Part 2 of the 8 part A Man Called Mister Brown serial by A.R. Yngve introduces the Director of the Agency For Terran Affairs, Ms. Mendez, and her field operative, Ms. Hitt. — ed, N.E. Lilly

Ms. Hitt?”

The pale, ash-blond woman in the gray suit took off her shades, and hesitated before the wrinkled, short woman who met her in the office.

“Mrs. Mendez?” Then: “I didn’t recognize you.”

The Director of the Agency For Terran Affairs shook Hitt’s hand, smiling modestly. She was a short, compactly built Terran with intense dark eyes and a page haircut. “You’ve been away for two years. It’s ‘Ms.’ Mendez again. New face, new hair, new style. I’ll get another husband soon, looking hard for a proposal, a good man is hard to find these days. But look at you! Not a day older since I last saw you. Did you have a pleasant journey back from the Outer Planets?”

Hitt released the Director’s small hand, and walked over to the panoramic window that overlooked the capital of the American Federation. The carpet of short live grass muffled her forceful steps. Heavy rainfall cast a mist over the landscape. Hitt adjusted the albedo of her eyes, and they shifted from silvery to black. Now she could see in the distance how Brasilia’s skyhook reached up above the towers, into the thick clouds. Rainforest grew on the ground between shining towers of glass and steel, and on the rooftops. Now and then a garishly colored bird flew past the window.

Watching Brasilia’s cityscape, Hitt said: “Do you know I was conscious during the entire journey back and forth? The sleeping pods don’t work so well on a plastinated brain. I had a lot of time to read up. To think.”

“Thinking about your next assignment for the Agency?”

“I came to a decision. I want to go solo. The Agency can still buy my services in the future... on a work-for-hire basis. Contracts will go to the highest bidder.”

Ms. Mendez’ smile vanished; she gave the taller woman a concerned look. “May I remind you, girl, that we paid to make you a Cybe. You still haven’t worked off all our expenses.”

“I’ll pay for every last part. I read in the Agency’s restricted files about the greatest unsolved theft in its history — the Lost Plutonium. One ton of it, intended for a starship project, the whole shipment vanished forty years ago without a trace.”

Mendez let out a chortle. “Others have searched for it and failed. It was probably dumped in the Sun long ago. Forget it.”

“If I locate and claim the lost shipment, I can buy myself out of the Agency. Maybe I can even buy the Agency. I’ve got a lead.”

The Director showed a degree of surprise and put a hand on Hitt’s arm. “Why haven’t I heard about this ‘lead’?”

Hitt smiled with silver-gray lips. “Because I haven’t told you about it.”

“May the Constant save us,” Ms. Mendez said jokingly and removed her hand. “But while you’re looking for that treasure, I need you to track down and bring back this man.” She pushed her interface-finger against the receiver on the back of Hitt’s hand, and transferred the information directly into the Cybe’s memory.

Ms. Hitt turned toward the Director and raised her white eyebrows. “I thought he worked for you?”

Mendez shrugged. “As a freelancer. But he double-crossed us. He brought in a wanted NeoMartian female, got paid, and left. After the female had told us what we needed to know, she escaped. We identified the tool she used. A nanofiber blade with Brown’s DNA all over it, the same blade he carried when he delivered her.”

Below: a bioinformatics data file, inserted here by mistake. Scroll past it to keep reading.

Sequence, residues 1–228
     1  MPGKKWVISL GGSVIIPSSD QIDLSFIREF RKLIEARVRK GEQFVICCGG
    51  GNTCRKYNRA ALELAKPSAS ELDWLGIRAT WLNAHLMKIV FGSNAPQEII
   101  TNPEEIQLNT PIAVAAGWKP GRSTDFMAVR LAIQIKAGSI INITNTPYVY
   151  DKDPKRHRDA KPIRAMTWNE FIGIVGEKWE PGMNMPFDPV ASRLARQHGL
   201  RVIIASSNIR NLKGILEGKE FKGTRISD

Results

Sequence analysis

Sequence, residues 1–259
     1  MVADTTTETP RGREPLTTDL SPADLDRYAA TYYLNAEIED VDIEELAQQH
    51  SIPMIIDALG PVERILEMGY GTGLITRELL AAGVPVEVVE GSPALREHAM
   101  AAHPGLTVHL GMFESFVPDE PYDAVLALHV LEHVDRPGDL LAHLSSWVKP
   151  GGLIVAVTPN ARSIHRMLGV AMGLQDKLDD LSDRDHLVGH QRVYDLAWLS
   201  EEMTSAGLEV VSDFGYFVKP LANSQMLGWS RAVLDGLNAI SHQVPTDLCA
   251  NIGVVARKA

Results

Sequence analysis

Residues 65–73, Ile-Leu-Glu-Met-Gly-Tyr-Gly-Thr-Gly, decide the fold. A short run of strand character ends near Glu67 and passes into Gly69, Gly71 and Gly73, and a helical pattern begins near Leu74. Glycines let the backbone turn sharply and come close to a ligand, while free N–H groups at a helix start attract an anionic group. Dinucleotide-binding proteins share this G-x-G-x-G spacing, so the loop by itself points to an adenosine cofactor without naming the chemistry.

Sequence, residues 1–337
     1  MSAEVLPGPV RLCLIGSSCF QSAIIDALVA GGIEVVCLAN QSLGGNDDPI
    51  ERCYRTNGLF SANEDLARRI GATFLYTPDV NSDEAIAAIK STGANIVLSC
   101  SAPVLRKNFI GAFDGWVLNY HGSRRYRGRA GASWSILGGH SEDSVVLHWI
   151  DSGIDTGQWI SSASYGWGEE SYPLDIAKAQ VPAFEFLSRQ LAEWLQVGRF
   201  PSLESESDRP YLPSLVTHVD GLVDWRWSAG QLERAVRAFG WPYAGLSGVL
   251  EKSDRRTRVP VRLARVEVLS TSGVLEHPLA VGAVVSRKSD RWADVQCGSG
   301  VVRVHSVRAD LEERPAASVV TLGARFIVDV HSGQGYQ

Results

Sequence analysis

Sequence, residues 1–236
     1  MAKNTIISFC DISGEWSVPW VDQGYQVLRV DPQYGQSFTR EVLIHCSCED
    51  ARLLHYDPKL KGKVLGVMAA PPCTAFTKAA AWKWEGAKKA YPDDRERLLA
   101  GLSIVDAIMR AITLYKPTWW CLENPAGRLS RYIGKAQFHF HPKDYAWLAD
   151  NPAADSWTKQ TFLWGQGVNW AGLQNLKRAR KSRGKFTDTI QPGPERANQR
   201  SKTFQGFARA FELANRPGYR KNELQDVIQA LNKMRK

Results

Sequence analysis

The short woman’s eyes hardened. “Bring me Mr. Brown, dead or alive... but if he’s alive we’ll pay you double the bounty. He must have a few secrets we could pry out of him. Since he talked to that girl, he must have found out something about her accomplices. Brown is probably going after them, even though he wouldn’t tell me so. Oh, and this assignment doesn’t officially exist. We don’t need the bad publicity. Given his wily nature, your best bet would be to kill him on sight.”

“Pity... I’ll never know how he was in bed.”

“You’ve met?” The Director’s cheeks flushed briefly.

“Only in this building. We said hello.”

Mendez went to her desk and sat down. “Good luck, Hitt, and I hope you find what you’re looking for.”

“I always do. Where is he now?”

“Our analysts think he’s headed for either Mars or Venus. Wherever he might find bounty.”

Hitt headed for the exit. Turning her head, she said: “I know where to look.”

When Ms. Hitt had left the building, the Director pointed her interface-finger at the panoramic window and said: “Screen.”

The window turned into a single interactive menu. Mendez made a call to Brown’s secret mailbox. He would not reply, but she knew he would read it.

“My dear Mr. Brown,” she dictated. “Your little prank with the wanted NeoMartian woman made me very disappointed. But I’ll give you one last chance to redeem your standing with the Agency. It has come to my knowledge that Ms. Hitt is chasing the infamous Lost Plutonium, and has gotten it into her head to claim it for herself.

“It is not in the Agency’s interest that she succeeds. Do what you can to stop her. And if she gets a lead on the case, improbable as that may be... use that lead to bring the shipment to us. In return, I shall forget to put out the highest public bounty in history on your capture, dead or alive. May the Constant guide you. Sincerely et cetera, Katrina Mendez. Send message.”

A.R. Yngve A.R. Yngve started out as a cartoonist, but soon turned to writing. Published works include the Swedish TERRA HEXA book trilogy and short stories in Swedish, British and Chinese magazines. He has recently written a script for Scandinavian radio. Dislikes: Cats, fan fiction. Likes: Philip K. Dick, MST3K.

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